“I am not ashamed of the gospel,” declared the most renown evangelist of his day, “because it is the power of God for salvation” (Romans 1:16). Did you catch that from the Apostle Paul? The gospel doesn’t just have power. The gospel is power. Meaningful relationships have no power to offer the gospel. Rather, it is the gospel that offers power and purpose to meaningful relationships. Sure, the power of God can often ride the backs of healthy relationships, and it is a gift from God that it would! But it doesn’t need to. It doesn’t have to. The gospel is powerful and effective, all on its own.
In Acts Chapter Eight, had Philip strategically built relational equity with the Ethiopian eunuch before sharing the gospel with him? No. To the contrary, the Spirit of God told him to go, so he went and shared the gospel. The simple message of salvation by grace through faith in Jesus Christ raised that man from death to life at the moment of his belief. Power.
In Acts Chapter Eleven, does the narrative allow for the strategic building of relationships over time before scattered Judean believers proclaimed the good news about Jesus to the inhabitants of those faraway lands? No. Rather, they went, “proclaiming the good news about the Lord Jesus. The Lord’s hand was with them, and a large number who believed turned to the Lord” (Ac. 11:20-21). Power.
In Acts Chapter Sixteen, had Paul invested any length of time into building relational capital with Lydia before she heard him speak the simple gospel message on the banks of the river? No. By contrast, “The Lord opened her heart to respond to what Paul was saying,” then “she and her household were baptized” (Ac. 16:14-15). Power.
Much could be said about the New Testament’s record of those who came to faith in Christ on the shoulders of meaningful relationship built over time: from “home to home” in Jerusalem (Ac. 2:46); Crispus beside the synagogue in Corinth (Ac. 18:1-8); Zacchaeus and Matthew’s evangelistic house parties (Lu. 19, Mt. 9); and many more. It is not my intent to disregard evangelism done in the context of meaningful relationship. I do intend to disagree, however, with the increasingly popular notion that relational equity is necessary for, or is in some way a “prerequisite” to, the effective sharing of the gospel with non-Christians.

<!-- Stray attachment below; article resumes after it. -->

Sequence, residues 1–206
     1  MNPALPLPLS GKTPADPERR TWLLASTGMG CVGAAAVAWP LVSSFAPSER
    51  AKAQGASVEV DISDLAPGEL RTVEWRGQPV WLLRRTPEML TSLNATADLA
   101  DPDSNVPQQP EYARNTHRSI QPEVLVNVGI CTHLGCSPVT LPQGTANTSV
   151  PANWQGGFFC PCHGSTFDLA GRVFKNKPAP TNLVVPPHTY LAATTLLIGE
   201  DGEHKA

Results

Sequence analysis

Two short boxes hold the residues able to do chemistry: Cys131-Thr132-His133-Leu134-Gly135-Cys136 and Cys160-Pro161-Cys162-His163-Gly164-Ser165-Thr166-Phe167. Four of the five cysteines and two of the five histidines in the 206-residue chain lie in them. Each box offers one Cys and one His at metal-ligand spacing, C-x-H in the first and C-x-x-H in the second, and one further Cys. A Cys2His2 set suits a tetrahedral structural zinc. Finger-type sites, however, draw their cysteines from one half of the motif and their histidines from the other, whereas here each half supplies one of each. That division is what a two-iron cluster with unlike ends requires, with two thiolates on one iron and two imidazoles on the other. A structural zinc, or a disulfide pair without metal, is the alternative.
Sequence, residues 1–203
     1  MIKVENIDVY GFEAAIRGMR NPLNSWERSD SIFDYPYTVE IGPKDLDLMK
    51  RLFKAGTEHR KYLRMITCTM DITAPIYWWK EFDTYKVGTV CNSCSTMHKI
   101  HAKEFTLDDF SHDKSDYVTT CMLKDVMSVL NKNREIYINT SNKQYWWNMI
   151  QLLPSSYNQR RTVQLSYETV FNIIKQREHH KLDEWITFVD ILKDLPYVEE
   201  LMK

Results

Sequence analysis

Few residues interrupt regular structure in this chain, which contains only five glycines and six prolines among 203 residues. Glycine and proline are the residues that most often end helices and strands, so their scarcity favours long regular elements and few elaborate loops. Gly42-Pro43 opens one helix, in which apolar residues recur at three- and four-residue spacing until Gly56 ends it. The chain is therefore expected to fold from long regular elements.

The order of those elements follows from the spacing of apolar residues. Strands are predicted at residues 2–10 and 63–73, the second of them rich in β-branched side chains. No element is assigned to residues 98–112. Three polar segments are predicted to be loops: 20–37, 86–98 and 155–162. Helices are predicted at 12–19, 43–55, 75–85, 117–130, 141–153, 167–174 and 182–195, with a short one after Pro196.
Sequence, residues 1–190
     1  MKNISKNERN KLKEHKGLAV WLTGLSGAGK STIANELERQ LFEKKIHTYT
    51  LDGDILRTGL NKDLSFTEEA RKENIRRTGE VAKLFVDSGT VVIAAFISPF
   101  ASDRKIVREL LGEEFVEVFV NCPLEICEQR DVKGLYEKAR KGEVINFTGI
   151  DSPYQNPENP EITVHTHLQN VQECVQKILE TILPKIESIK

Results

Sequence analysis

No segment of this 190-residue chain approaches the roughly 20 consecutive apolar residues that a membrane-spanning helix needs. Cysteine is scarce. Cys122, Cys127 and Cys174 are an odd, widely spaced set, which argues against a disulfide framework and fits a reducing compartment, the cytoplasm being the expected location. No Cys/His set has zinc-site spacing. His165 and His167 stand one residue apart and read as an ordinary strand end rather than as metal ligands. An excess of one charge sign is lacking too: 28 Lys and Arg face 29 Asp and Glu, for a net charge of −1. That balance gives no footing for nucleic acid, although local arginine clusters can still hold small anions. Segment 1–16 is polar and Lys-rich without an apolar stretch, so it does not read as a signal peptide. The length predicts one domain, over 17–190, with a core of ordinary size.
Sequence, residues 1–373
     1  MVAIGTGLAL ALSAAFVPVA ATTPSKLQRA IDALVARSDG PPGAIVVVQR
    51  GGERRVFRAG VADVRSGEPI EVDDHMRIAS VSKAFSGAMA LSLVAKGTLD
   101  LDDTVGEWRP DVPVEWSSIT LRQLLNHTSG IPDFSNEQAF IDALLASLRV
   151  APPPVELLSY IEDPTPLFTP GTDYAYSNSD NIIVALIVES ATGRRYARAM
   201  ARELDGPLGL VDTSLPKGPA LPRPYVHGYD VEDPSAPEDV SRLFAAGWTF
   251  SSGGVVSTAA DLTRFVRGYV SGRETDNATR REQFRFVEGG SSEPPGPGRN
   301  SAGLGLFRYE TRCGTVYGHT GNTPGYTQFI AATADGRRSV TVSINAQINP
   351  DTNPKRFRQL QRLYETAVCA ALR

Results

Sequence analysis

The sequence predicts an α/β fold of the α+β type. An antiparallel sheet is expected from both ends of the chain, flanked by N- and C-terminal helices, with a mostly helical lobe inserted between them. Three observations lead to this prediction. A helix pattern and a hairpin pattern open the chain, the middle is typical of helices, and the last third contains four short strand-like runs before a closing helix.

Relational equity is not preconditional to effective gospel witness. Certainly, the trust that comes along with seasoned, healthy relationships can build effective bridges to the gospel. But the gospel message itself can part even the most tumultuous of interpersonal waters. We don’t make a way for the gospel. The gospel makes its own way, and we are invited into the joy of that moment through obedient and consistent, faith-filled witness.
The trendy argument that healthy relationships are necessary for effective evangelism is more ad populum than ad veritatum. It’s what we want to hear, not what we need to hear. I am thankful for those who put so much effort into statistical Christian research with an eye on strengthening churches toward effective evangelistic growth. But as the Bible teaches and history demonstrates, as important as healthy relationships are to the human experience, relational equity is not a prerequisite to effective gospel witness. Gospel power transcends relational equity.
The gospel doesn’t need your relational influence. It just needs your faithful witness.
“The gospel doesn’t need your relational influence. It just needs your faithful witness.”Tweet
Don Everts, The Reluctant Witness: Discovering the Delight of Spiritual Conversations (Downers Grove: IVP Books, 2019), 70.
Everts, The Reluctant Witness, 69-71.